I just feel… trapped. Hopeless. I wanted to travel and enrich myself during my gap year. Visit a foreign country. Dance in NYC. But because of my intensive acupuncture treatment every Wednesday and Saturday, group therapy every Tuesday and Thursday, and work every Sunday, I can’t go anywhere. I am completely and utterly stuck in the Bay Area with no friends. My mother loves me, but she is insufferable at times. She can’t seem to get it through her head that I am no longer the same person I was three years ago. I am not a kid anymore– I am 21 years old and just graduated from UCLA. I need my freedom and space, and I can’t stand it when she yells up the stairwell every five minutes to tell me to do something, or expresses her disapproval of my long-distance relationship, or explodes at me when I refuse to drink the tea she made because it doesn’t suit my taste. To top it off, I have this irrational fear of driving (especially on the freeway), so I am very limited in the places I’m able to transport myself to. Hell, I can’t even drive myself to the movie theaters because I don’t want to drive on the freeway. I know I need to get over this fear, but it’s just another item on my growing list of things I can’t do, because of my crippling depression. Honestly, depression is such a bitch. You are depressed, so you can’t bring yourself to get out of bed. The do-nothingness makes the depression even worse. And so, the vicious cycle continues.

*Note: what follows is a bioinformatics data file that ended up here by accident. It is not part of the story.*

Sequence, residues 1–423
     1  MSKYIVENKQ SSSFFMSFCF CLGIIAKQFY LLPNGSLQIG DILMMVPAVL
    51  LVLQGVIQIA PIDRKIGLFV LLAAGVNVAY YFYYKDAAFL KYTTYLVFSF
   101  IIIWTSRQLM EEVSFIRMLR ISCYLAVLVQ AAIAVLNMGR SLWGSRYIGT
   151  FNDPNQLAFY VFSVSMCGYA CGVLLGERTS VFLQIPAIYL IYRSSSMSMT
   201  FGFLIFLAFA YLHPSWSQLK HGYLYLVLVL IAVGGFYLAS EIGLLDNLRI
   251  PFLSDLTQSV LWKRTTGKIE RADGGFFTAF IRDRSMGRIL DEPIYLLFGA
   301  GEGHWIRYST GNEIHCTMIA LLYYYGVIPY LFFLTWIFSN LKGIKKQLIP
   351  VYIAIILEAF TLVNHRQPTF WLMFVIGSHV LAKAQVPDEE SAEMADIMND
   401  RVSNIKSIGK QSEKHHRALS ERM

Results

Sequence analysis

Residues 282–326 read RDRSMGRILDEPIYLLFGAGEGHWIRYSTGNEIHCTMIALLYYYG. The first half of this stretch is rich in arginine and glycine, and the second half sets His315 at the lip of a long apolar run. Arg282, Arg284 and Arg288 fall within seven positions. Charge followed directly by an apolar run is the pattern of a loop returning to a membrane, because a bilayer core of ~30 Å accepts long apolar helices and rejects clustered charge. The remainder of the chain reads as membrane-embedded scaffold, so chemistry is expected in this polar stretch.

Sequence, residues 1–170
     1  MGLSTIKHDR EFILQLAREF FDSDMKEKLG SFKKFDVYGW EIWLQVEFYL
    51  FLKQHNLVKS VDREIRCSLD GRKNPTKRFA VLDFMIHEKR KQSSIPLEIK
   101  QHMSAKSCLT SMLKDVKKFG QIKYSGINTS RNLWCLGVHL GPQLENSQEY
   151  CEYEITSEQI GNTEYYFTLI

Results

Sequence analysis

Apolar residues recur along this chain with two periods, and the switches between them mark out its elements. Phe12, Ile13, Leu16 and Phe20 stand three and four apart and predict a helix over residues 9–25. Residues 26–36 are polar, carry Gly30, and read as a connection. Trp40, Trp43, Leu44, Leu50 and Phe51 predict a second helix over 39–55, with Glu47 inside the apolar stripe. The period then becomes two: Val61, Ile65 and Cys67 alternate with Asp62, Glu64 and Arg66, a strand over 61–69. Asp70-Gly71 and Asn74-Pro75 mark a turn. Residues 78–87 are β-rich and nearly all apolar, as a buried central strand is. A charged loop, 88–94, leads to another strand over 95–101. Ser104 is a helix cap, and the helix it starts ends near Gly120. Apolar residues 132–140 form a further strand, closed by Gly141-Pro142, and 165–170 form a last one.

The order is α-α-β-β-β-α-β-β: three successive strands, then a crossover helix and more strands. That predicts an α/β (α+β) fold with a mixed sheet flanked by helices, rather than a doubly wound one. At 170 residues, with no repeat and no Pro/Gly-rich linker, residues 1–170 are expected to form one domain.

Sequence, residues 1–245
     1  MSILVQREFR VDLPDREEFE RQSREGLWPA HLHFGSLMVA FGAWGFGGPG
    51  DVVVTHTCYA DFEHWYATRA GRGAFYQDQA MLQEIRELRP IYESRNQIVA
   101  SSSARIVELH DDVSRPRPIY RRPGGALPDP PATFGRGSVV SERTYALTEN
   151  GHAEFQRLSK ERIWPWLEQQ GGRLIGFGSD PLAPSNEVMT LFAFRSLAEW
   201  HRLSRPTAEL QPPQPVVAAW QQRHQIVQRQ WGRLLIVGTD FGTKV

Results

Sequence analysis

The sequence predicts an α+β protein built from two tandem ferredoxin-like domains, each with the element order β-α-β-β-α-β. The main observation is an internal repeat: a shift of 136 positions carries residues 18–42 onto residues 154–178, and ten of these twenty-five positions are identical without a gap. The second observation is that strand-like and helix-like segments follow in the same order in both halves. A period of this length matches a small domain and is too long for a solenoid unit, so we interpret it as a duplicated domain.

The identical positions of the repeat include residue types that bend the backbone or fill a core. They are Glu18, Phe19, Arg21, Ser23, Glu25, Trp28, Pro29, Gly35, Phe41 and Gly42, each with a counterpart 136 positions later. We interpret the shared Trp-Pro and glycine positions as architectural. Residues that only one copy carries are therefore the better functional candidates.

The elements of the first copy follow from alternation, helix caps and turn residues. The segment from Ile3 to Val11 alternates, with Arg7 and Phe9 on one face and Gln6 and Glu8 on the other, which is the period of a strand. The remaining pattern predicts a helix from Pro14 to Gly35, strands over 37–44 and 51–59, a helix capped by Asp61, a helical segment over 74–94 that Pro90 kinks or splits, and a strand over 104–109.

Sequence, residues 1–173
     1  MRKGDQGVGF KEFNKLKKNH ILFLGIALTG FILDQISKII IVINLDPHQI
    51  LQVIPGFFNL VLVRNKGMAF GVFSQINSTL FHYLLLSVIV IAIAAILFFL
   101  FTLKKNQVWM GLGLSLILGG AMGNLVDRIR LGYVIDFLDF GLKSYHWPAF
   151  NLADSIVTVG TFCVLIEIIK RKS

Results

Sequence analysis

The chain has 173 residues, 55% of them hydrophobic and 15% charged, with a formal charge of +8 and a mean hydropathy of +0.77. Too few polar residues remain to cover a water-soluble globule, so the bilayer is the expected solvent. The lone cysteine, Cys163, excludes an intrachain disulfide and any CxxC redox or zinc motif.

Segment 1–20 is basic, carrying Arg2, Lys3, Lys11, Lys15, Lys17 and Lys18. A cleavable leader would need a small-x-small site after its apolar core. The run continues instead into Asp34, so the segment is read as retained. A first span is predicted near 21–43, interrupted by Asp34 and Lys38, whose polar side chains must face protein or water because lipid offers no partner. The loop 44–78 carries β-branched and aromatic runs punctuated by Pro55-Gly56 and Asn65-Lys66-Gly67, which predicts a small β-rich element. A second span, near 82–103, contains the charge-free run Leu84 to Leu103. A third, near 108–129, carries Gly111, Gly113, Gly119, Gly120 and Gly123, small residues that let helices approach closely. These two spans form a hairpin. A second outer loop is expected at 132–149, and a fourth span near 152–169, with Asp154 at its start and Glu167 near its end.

The only thing that’s keeping me alive right now is my boyfriend, who has been the biggest emotional support during this dark time. We talk on the phone and Facetime every day, and our conversations are all I look forward to when I wake up each morning. He’s been through depression before, so he understands what I’m going through. He comforts me in a way that my parents cannot. I’ve recently started reaching out to my brothers as well, who have been surprisingly supportive and non-judgmental about everything I’m going through. Austin kindly offered to talk to my mom about how I need to be treated with compassion in my current vulnerable state. Chris told me that the path to recovery takes time, and I need to be patient with myself.

At this moment, I am totally regretting moving back home to the Bay. I know that living in LA was expensive, and that I wasn’t receiving adequate mental health care there. My parents heavily pushed for me to come home. They say it was for my mental health, but honestly, I think they didn’t approve of my friends or lifestyle, and wanted me to return to the safety of their nest. I wish I had the courage to stand up to them and fight for what I wanted, which was to stay in LA and make it work down there. But alas, I cannot go back in time. I renounced my spot in the apartment lease. I quit both my dance fitness and skating rink job. Even if I were to move back to LA, I wouldn’t have anything to go back to. My only option now is to make do with my current situation, change my perspective, and focus on the good that has come from moving back home.

  • no need to pay for rent, food, uber
  • free acupuncture treatment (courtesy of our family friend, who is an acupuncturist)
  • better mental health care (group therapy twice a week, a good-fit therapist and psychiatrist)
  • work (mostly tutoring and college essay editing)
  • time and resources to pursue dancing
  • family support

Alright guys, that’s all I have to say at the moment. I think once I start exercising gratitude and turning off the negative self-judging voice in my head, I will start feeling a little bit better. Easier said than done, but the least I can do for myself is try.